3. A catnap could be the very thing to awaken a night writer prior to a writing session. If you put off writing for 30-45 minutes to get some rest, it should be enough to move forward.
  4. This next suggestion should go over well. How about moving your writing away from home? Could you stop at a library or an eatery one or two evenings a week and do your writing there rather than doing it at home? Lots of eateries and coffee shops are open until 10 pm.
  5. If you can’t make use of the away-from-home scenario, consider creating a writing corner. This would be a place other than your normal writing space. A night writer could easily create a fresh attitude toward the evenings’ work.

Have you faced this same issue? How did you resolve it? Feel free to comment on this post and share your own experiences. If you’re not having this issue, share one you are having and I’ll tackle it in a future post. Be sure to check your my latest book, “Night Writer: Optimize Your Time, Upgrade Your Skills and Work Around Your Day Job.” It will be available on Amazon next week.

Sharing this post from a fellow authors at CURIOUSEREDIT (www.curiouserediting.com). Enjoy!

The Only List of Author Resources You’ll Ever Need

Resources are great. But the right resources can save you so much time. I’m often asked for all sorts of how-tos on social media, email marketing, author branding—you name it. For the last couple of months, I’ve been compiling them all into a nice list just for you. Because I love you.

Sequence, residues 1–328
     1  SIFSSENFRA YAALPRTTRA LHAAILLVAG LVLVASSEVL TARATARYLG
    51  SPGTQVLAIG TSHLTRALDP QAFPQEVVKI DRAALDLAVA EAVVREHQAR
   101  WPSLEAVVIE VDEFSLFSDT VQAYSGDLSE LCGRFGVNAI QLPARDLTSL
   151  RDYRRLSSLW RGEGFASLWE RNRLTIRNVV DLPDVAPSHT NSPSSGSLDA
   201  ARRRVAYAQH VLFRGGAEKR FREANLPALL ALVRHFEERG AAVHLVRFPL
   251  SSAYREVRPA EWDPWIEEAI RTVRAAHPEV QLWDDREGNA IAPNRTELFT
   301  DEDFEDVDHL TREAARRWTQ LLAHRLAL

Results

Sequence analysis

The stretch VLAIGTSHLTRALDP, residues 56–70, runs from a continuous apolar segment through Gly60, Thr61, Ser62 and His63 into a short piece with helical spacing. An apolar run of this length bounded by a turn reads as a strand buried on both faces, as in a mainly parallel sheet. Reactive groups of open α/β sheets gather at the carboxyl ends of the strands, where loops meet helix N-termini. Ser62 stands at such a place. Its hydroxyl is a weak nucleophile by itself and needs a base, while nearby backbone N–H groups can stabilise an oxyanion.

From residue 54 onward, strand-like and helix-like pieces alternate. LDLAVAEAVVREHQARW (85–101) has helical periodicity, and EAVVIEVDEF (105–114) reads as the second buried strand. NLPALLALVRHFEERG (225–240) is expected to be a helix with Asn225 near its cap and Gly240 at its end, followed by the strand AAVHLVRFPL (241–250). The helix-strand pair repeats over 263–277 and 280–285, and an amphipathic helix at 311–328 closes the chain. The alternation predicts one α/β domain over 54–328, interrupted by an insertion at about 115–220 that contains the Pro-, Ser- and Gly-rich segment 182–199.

Favorite books on marketing/branding/publishing/writing:

Your Brand Is Calling by Mike Loomis (honestly, if you’re building a business, just hire the man so that you don’t waste time like I did. When I hired Mike, I had a 35% increase in profit . . . in one quarter.)

Your First 1,000 Copies by Tim Grahl (it’s all about email marketing)

Making a Killing on Kindle by Michael Alvear

How I Sold 30,000 Books on Amazon’s Kindle by Martin Crosbie (beginners, you’ll want to read this one first)

Publishing 101 by Jane Friedman (if you have any interest in traditional publishing, this is the only book I recommend)

A Writer’s Guide to Characterization by Victoria Lynn Schmidt (this changed everything for me in terms of archetypes)

Writing Deep Scenes by Martha Alderson (once I learned that there are actually four parts to a novel, it made outlining so much simpler)

The Emotion Thesaurus by Angela Ackerman (ensure this is by your side when writing dialogue)